66 / Community Choir

This post was contributed by my brother

Can I share my excitement with you? Well, this Saturday evening the choir I belong to will be singing in our town church with a really good orchestra to a packed house. Can you believe it, we sold out of tickets two weeks ago, so are bound to raise a goodly sum for the local charities chosen by our Citizen’s Advice Bureau, who invited us to perform?
Felicity and I nervously joined our community choir nearly nine years ago, shortly after it was formed. It was a leap of faith, as neither of us was confident, had almost no experience of singing with others and could not read music.

What a stroke of good fortune it has been, to be swept along by the brilliance of our musical directors. Over the years, we have been taught to sing in four-part harmony, have performed music as diverse as Carl Jenkin’s,” The Armed Man”, Gershwin’s Classics, show music, pop music, African chants, you name it and we have had a go at it. It’s been such fun and we have raised shed loads of money for Cancer Research UK and other charities into the bargain.

Now I write this blog not to boast, but to give an insight into the way in which this community has developed. There are usually about 85 of us who rehearse together, quite a number of whom are refugees from some form of crisis in their lives. Felicity and I meet and greet, so we get all these stories first hand. What a joy it is to see people who have approached the door like rabbits caught in a spotlight, only to be bounding in a few sessions later, full of confidence and ready to sing.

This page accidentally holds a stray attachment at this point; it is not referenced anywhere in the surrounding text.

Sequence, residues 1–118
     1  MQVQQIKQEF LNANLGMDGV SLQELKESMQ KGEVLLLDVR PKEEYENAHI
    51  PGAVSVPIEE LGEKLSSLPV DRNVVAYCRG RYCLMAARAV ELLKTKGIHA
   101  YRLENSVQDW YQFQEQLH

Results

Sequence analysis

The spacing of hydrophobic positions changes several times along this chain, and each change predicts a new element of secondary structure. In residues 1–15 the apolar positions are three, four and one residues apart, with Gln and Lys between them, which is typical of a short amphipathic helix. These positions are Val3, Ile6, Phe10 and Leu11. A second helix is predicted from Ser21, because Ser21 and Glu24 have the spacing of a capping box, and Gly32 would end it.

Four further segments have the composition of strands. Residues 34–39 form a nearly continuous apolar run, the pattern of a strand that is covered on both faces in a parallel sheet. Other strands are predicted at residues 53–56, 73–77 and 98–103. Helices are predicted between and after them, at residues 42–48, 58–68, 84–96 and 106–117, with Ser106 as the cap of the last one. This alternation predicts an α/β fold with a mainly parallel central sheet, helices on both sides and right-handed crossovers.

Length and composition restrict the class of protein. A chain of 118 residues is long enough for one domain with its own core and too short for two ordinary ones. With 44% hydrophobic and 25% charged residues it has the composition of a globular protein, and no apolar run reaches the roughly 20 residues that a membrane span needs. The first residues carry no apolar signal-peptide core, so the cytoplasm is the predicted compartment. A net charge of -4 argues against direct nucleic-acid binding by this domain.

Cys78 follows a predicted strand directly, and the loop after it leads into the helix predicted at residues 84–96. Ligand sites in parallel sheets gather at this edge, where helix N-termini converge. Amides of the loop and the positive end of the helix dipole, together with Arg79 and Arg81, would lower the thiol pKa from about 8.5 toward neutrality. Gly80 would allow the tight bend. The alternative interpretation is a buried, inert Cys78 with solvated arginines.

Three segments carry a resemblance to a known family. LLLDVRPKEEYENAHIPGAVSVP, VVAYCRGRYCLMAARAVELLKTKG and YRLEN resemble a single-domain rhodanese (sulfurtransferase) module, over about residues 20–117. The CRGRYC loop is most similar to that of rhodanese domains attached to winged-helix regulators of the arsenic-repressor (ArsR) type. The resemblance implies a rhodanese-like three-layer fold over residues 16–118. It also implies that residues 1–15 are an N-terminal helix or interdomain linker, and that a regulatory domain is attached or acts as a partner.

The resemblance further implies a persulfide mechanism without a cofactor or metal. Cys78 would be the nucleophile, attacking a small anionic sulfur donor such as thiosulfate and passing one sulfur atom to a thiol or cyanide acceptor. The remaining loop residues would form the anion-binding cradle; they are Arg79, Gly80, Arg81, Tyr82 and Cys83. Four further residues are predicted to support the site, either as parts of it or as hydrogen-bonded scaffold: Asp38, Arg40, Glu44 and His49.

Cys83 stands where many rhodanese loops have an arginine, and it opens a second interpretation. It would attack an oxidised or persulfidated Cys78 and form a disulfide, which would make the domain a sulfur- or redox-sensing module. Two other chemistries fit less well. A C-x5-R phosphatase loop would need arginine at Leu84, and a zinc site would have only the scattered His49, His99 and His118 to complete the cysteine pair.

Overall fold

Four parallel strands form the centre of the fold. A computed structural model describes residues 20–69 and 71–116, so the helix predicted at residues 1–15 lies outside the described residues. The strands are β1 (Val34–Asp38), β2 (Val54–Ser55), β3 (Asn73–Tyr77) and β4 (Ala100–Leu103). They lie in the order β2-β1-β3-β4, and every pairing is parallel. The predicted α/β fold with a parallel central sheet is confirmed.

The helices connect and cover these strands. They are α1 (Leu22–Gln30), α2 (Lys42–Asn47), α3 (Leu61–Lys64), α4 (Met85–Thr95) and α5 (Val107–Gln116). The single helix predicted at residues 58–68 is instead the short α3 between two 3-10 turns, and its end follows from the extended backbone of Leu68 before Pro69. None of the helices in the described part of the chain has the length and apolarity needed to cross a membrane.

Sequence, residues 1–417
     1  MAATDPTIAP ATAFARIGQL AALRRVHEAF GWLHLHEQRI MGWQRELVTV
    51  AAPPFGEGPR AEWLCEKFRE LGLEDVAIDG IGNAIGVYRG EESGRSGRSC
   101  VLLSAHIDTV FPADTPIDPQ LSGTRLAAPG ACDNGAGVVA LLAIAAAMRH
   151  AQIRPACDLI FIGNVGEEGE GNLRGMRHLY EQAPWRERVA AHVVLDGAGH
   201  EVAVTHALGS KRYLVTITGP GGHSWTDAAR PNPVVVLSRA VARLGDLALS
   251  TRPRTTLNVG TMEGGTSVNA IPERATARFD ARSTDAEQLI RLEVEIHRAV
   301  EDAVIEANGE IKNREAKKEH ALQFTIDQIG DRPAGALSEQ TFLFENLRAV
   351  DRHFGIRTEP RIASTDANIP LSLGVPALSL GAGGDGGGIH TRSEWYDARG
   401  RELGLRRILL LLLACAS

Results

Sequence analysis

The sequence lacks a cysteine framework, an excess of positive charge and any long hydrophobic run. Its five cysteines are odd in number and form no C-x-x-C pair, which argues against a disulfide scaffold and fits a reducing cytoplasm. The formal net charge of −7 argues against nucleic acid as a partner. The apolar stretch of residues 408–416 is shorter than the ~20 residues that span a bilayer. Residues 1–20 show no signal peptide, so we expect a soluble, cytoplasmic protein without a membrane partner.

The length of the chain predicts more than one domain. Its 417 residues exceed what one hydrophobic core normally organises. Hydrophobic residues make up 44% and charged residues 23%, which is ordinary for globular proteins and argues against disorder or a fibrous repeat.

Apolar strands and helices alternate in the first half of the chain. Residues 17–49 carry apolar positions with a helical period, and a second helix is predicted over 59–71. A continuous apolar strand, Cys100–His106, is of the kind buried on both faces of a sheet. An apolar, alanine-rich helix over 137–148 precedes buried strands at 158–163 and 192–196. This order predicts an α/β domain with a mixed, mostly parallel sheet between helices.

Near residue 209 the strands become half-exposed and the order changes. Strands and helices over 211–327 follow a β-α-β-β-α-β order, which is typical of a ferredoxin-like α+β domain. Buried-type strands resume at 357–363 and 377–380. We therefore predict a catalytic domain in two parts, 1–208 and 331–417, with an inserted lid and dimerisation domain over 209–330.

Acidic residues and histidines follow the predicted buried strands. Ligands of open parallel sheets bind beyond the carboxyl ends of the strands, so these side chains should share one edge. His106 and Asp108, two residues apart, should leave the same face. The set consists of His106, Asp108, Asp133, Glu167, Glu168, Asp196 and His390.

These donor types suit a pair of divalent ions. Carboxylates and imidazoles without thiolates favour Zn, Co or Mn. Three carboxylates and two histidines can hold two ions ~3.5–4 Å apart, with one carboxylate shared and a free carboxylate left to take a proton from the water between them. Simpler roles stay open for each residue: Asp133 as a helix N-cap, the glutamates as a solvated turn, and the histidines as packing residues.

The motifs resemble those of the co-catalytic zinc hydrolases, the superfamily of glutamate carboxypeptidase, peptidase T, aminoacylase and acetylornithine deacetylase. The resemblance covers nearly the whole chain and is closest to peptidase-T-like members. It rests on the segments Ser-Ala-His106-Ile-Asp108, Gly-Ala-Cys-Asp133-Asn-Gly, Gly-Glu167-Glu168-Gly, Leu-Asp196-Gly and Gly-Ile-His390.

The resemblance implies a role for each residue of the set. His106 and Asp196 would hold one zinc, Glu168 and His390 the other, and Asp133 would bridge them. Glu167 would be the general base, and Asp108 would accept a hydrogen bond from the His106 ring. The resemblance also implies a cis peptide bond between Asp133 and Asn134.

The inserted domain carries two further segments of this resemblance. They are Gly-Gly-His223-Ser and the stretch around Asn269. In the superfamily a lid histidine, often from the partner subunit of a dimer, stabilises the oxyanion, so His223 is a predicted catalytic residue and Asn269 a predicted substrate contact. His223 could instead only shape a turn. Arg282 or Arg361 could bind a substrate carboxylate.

Roll on Saturday! Strength of numbers allows inhibitions to fly, mouths to open and joyful chords to blend.  

PS. My brother has since messaged me to say the concert was a resounding success and a goodly sum, indeed, was raised and donated to cancer research.

© Benóg Brady Bates

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